Just a few weeks ago, we learned that Elisabeth Moss, Samira Wiley, and more are set to star in a televised adaptation of Margaret Atwood’s The Handmaid’s Tale.
And now it has come to our attention that Netflix are bringing another of the feminist author’s best-loved novels to life on the small screen.
Alias Grace will be shorter than Hulu’s The Handmaid’s Tale, but that doesn’t mean that the six-part-miniseries will be short on talent, too.
In fact, it has already been revealed that True Blood’s Anna Paquin and 11.22.63’s Sarah Gadon will be leading the ensemble cast.
Atwood herself will even have a cameo role.
Speaking at a recent press conference, she said: “I'm going to be a disapproving lady in a church. Typecasting.”
The original novel, unusually for Atwood, is based on a true story – that of Grace Marks (Gadon), a poor young Irishwoman who emigrated from her home country to Canada in 1840.
She soon found work as a servant in the household of Thomas Kinnear, but attracted the ire of his mistress, Nancy Montgomery (Paquin), when she became increasingly suspicious of Kinnear’s affections for Marks.
Driven mad by jealousy, Montgomery eventually fired Marks in a fit of rage – and was later found brutally murdered, alongside the body of Kinnear.
Marks was arrested, alongside a young stablehand named James McDermott (who may or may not have been her lover), for the sensational double murder. McDermott was hanged, while Marks was sentenced to life imprisonment.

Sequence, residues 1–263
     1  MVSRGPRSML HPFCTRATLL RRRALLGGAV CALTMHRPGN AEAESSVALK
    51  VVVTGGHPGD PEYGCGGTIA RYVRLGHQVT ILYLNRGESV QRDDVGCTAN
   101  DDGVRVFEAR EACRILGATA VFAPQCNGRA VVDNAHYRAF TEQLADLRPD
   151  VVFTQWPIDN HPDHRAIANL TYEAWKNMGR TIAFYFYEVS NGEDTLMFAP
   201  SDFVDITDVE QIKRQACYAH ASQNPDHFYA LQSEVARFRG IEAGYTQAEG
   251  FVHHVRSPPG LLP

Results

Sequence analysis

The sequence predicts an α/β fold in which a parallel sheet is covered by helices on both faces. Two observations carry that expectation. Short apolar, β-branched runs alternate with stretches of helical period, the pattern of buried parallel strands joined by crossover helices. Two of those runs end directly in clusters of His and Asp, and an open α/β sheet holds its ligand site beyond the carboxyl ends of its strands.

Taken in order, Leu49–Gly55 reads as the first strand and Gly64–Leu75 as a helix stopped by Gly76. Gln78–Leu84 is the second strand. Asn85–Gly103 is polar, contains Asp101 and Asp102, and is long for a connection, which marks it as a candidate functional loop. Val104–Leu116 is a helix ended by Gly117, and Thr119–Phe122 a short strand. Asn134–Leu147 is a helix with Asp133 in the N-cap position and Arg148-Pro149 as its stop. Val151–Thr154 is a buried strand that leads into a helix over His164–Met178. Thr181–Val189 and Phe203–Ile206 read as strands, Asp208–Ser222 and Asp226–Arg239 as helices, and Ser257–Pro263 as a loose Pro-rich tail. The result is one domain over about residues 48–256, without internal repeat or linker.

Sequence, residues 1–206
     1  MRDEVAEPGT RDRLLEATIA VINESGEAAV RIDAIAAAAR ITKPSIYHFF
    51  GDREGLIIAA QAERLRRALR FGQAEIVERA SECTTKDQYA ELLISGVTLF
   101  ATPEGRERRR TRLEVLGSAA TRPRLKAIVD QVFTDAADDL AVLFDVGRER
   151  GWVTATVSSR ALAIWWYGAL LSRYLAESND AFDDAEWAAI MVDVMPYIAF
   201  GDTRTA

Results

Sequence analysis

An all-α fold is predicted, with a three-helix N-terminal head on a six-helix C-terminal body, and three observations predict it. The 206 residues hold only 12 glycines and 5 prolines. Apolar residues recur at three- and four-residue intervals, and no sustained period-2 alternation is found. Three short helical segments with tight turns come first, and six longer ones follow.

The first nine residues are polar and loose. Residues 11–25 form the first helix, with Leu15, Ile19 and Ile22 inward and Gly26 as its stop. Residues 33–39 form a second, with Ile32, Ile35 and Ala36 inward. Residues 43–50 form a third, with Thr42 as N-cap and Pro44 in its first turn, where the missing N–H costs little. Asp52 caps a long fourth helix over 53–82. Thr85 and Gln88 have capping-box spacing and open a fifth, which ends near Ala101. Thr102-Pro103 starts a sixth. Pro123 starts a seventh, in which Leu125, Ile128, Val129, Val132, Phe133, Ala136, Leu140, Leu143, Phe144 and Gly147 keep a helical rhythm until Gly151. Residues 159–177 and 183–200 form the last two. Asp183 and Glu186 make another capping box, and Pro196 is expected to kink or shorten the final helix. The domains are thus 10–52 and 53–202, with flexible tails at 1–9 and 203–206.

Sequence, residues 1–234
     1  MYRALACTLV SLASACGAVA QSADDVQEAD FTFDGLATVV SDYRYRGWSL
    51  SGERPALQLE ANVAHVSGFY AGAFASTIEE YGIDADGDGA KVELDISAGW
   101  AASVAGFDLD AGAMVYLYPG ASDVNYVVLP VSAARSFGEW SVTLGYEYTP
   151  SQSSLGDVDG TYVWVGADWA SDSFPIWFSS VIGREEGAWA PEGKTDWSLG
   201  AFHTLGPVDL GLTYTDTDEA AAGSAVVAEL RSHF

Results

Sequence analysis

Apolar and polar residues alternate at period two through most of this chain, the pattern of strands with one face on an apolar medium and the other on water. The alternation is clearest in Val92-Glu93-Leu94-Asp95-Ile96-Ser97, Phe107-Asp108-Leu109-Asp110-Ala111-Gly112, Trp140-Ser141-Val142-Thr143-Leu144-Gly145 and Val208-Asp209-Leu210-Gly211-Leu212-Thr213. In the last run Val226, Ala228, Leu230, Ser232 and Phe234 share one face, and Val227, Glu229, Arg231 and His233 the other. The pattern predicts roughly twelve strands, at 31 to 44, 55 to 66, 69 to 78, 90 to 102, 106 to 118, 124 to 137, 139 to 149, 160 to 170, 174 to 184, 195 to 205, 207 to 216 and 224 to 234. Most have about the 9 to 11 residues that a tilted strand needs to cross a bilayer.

After 30 years behind bars, Marks was eventually exonerated, although a debate still rages as to whether or not she was truly guilty of the killings, or an unwitting accessory.
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Speaking about the events that unfold in her novel, Atwood told The Guardian that she attempted to address the double-standards that crime the media employs when discussing male and female criminals.
She said: “When there are crimes of violence, involving both a man and a woman, it usually goes as follows: nobody ever says the man is a nice guy, but opinion often splits about the woman.
“Either she's the villainous instigator of it all, or else she's a terrified victim and she only did it because she was frightened for her life. That's the pattern with Grace. And there's evidence supporting both sides.”
Much like Atwood’s book, the series will introduce a fictional young doctor named Simon Jordan, who researches the case and begins to fall in love with Marks. However his romance soon turns into obsession as he tries to reconcile his perception of the mild-mannered woman he sees with the savage killing of which she stands accused.
The miniseries – which will span across three decades - is written and produced by Sarah Polley, and directed by Mary Harron. It will be broadcast globally on Netflix.
“I first read Alias Grace when I was 17 years old and throughout the last 20 years I have read it over and over, trying to get to the bottom of it,” said Polley. “Grace Marks, as captured by Margaret Atwood, is the most complex, riveting character I have ever read.”
Atwood has praised Polley for the script, saying: "She's a pretty brilliant writer. I saw the first script she did which was a movie.... Then, she said it's just not long enough to get in all the levels of nuance. So that's when she made it into a six-part miniseries.”
She added: “Who would have predicted in the '50s and '60s that daytime soaps would have morphed into such an expressive and well-produced kind of thing," she added.
"We've had some riveting ones — miniseries and longer series of which the production quality has been very high, and the acting has been spectacular."
Images: Rex pictures, Waterstones